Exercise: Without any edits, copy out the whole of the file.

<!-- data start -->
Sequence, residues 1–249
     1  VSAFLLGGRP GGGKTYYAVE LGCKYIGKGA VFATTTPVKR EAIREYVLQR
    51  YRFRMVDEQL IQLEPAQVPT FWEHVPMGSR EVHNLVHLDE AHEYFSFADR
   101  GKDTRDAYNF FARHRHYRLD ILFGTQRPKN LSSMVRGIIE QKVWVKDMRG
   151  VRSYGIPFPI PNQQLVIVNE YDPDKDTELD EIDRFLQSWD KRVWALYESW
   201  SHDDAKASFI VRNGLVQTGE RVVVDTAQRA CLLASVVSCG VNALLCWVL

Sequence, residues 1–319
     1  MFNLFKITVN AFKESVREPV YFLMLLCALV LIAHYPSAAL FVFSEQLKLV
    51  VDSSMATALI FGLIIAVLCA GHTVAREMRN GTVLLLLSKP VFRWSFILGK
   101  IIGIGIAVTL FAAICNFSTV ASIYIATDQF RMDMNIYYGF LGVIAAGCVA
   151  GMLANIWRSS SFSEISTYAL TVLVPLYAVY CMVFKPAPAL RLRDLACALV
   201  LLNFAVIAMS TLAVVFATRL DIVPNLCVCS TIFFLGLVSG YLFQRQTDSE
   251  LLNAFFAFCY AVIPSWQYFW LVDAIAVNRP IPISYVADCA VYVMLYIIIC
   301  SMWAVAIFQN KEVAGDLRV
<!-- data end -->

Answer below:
Sequence, residues 1–249
     1  VSAFLLGGRP GGGKTYYAVE LGCKYIGKGA VFATTTPVKR EAIREYVLQR
    51  YRFRMVDEQL IQLEPAQVPT FWEHVPMGSR EVHNLVHLDE AHEYFSFADR
   101  GKDTRDAYNF FARHRHYRLD ILFGTQRPKN LSSMVRGIIE QKVWVKDMRG
   151  VRSYGIPFPI PNQQLVIVNE YDPDKDTELD EIDRFLQSWD KRVWALYESW
   201  SHDDAKASFI VRNGLVQTGE RVVVDTAQRA CLLASVVSCG VNALLCWVL

Sequence, residues 1–319
     1  MFNLFKITVN AFKESVREPV YFLMLLCALV LIAHYPSAAL FVFSEQLKLV
    51  VDSSMATALI FGLIIAVLCA GHTVAREMRN GTVLLLLSKP VFRWSFILGK
   101  IIGIGIAVTL FAAICNFSTV ASIYIATDQF RMDMNIYYGF LGVIAAGCVA
   151  GMLANIWRSS SFSEISTYAL TVLVPLYAVY CMVFKPAPAL RLRDLACALV
   201  LLNFAVIAMS TLAVVFATRL DIVPNLCVCS TIFFLGLVSG YLFQRQTDSE
   251  LLNAFFAFCY AVIPSWQYFW LVDAIAVNRP IPISYVADCA VYVMLYIIIC
   301  SMWAVAIFQN KEVAGDLRV